The final leg of this marathon field day ended near the Cole Facility, the start-line for this journey. The U.C. Davis Arboretum and Public Garden Headquarters is a gorgeous, verdant, and seemingly infinite outdoor space that hugs 100-acres of the 85-mile-long Putah Creek, within the 640-acre U.C. Davis Putah Creek Riparian Reserve. Once we became completely surrounded by trees, bushes, and flowers, we were met by Waterway Steward-extraordinaire and CLBL Alum Nina Suzuki. Suzuki, guided us through the history and purposes of the arboretum and riparian reserve and her work in ecological preservation and advocacy. We concluded this field day with a “debriefing circle”, reflecting on all we had learned.

Shasta College Student Farm

Tehama FARMS Leadership | Shasta College | May 10, 2018

Location of Field Day:
Redding, CA

Field Day Host:
Shasta College

Participating Partners:
Trena Kimler-Richards, BJ Macfarlane, Sonia Randhawa

Theme:
College Opportunities

Summary of the Day:
Have you ever wanted to know what goes on on a college student farm? The Tehama County FARMS Leadership had the experience of a lifetime when they attended a field day on May 10, 2018 at the Shasta College Farm in Redding, CA.

The day started with an enjoyable breakfast in their lush arboretum and listening to current students who live in housing on the college farm tell about the opportunity to work on the farm to pay for their room and board, which can be a large cost. Shasta College is one of the few junior college campuses’ that has dorm living available to some students. Once everyone’s bellies were full it was time to get down and dirty by going to the horticulture department. Students were able to get some soil under their nails by planting a couple seeds in one pot and taking clippings from a mature plant, dipping it in a growth hormone to stimulate root development and plant it in a second pot. All the students love being able to do something that they get to take home at the end of the day! They also were able to learn a little about beneficial vs. harmful bugs and see first hand what a baby ladybug looks like.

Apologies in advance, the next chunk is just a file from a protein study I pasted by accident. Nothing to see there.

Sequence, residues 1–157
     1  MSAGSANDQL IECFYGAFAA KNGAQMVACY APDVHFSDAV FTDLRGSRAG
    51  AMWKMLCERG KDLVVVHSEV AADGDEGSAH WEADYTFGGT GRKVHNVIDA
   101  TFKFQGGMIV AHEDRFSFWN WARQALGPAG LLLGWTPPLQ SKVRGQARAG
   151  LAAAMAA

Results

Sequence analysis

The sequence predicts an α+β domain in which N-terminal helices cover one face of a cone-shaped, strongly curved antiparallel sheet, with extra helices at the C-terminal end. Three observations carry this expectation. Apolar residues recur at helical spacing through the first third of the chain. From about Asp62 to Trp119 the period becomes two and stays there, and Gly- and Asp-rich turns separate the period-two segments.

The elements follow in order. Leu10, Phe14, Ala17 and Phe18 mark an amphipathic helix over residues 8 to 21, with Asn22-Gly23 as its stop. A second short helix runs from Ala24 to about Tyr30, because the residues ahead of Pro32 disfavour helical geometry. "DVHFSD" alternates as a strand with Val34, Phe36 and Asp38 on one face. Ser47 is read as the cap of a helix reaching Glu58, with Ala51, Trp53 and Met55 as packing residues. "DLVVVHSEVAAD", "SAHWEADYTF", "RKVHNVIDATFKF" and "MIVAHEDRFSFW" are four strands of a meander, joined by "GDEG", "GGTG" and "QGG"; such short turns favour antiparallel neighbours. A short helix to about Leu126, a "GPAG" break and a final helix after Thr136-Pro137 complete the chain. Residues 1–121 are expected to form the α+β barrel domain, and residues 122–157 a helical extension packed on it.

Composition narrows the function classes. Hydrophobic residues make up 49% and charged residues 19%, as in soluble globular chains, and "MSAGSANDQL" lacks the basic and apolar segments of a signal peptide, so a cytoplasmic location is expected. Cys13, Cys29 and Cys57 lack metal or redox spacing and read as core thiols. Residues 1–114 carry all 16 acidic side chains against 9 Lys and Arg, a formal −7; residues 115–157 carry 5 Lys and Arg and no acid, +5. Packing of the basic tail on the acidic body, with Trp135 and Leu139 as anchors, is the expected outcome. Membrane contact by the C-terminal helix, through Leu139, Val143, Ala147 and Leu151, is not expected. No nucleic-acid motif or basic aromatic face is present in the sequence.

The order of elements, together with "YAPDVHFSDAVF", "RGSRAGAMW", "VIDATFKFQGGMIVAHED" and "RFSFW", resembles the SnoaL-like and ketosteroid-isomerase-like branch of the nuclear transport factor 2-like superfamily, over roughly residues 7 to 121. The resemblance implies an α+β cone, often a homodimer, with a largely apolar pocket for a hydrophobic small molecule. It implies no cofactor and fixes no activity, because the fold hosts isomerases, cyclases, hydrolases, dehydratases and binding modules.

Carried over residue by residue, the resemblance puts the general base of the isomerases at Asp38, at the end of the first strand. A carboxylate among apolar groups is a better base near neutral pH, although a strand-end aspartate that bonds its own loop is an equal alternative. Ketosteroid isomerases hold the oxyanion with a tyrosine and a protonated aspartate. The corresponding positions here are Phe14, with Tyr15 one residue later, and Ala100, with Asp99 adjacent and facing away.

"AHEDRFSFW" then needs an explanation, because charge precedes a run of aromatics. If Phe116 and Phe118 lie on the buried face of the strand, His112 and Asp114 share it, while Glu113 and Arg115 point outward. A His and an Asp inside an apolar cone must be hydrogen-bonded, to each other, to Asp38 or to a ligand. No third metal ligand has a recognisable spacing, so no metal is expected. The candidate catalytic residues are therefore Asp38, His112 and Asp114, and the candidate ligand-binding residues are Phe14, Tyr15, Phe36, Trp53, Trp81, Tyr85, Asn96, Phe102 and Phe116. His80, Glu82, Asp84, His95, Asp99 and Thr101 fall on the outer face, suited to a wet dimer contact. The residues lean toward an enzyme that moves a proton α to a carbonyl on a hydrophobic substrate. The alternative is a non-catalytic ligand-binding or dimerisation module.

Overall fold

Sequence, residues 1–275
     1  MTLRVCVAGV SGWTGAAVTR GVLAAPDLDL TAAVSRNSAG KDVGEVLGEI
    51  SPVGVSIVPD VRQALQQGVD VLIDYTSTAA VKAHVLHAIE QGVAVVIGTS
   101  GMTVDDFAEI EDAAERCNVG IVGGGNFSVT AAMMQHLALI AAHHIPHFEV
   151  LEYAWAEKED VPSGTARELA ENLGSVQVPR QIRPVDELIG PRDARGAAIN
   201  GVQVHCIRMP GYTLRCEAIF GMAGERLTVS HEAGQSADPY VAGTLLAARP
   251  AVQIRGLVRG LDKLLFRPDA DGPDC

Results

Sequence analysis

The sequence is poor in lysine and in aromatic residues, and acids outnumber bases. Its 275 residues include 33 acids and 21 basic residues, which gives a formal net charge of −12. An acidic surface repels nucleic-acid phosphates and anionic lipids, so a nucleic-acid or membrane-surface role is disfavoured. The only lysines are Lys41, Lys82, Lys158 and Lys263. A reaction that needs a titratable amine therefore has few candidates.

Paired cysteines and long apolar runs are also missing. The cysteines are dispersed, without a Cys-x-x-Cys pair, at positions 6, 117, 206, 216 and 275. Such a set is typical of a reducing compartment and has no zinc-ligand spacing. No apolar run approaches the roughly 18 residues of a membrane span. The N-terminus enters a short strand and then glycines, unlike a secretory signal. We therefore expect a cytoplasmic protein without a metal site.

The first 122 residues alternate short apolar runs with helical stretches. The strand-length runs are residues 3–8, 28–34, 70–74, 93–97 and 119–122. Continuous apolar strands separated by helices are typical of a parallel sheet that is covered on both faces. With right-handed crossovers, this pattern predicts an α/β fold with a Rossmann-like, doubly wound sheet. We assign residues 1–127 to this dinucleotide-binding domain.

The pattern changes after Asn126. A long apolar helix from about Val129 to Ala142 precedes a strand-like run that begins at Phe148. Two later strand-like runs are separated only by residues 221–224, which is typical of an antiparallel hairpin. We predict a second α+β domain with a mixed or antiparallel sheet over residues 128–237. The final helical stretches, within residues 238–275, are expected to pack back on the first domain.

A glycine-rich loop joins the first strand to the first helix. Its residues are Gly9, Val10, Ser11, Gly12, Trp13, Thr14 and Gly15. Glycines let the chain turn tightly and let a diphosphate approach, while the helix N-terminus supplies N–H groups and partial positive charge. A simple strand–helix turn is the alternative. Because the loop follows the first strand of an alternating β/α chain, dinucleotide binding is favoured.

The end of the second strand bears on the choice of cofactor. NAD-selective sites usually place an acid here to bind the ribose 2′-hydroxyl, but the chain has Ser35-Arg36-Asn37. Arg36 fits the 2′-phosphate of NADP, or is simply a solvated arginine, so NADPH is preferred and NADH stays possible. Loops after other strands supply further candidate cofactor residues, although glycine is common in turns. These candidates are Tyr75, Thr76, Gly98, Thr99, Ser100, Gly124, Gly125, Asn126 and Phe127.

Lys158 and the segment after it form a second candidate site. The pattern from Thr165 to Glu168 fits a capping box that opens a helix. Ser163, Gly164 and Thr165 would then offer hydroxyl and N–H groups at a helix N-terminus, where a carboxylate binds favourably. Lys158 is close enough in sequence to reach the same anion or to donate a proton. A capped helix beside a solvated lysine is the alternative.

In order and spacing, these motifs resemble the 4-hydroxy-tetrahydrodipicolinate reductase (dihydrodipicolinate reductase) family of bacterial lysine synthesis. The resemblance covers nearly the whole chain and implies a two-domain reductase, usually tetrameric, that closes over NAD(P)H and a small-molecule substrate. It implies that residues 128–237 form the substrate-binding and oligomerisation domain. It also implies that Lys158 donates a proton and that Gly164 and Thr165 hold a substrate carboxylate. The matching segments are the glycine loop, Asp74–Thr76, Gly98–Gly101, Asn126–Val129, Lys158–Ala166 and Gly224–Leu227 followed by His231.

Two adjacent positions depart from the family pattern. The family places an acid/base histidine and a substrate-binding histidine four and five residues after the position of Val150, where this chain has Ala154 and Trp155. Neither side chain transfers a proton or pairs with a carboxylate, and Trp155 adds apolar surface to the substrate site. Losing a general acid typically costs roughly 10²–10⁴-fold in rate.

After we played in the dirt a little, we went on a short tour of the Shasta College Farm which included herding goats to a new pen and seeing week old baby pigs. We ended the tour by joining a Shasta College Feeds and Nutrition Lab where we helped process 54 meat chickens that were going to the public’s dinner tables in the next couple days. It took a few minutes for the students to warm up to the idea of being hands on, but soon every student had gotten their hands wet or dirty helping. They learned the importance of food safety, bio-security, and what had gone into growing these chickens during the Feeds and Nutrition’s research projects. During lunch Sonia Randhawa from the counseling department came to talk about admissions and financial aid. It was an important part of the day and very informative for the students to learn that they can take college classes for free while in high school and there are lots of programs to help get your tuition paid for. Lastly, we ended the day out in the hay field with BJ Macfarlane the Farm Manager learning all about the science and technology that goes into growing and bailing hay. As a bonus each student had the chance to drive a skid steer if they wanted! Shasta College sure was a fun filled hands on day and I think a great way to wrap up our 17-18 year!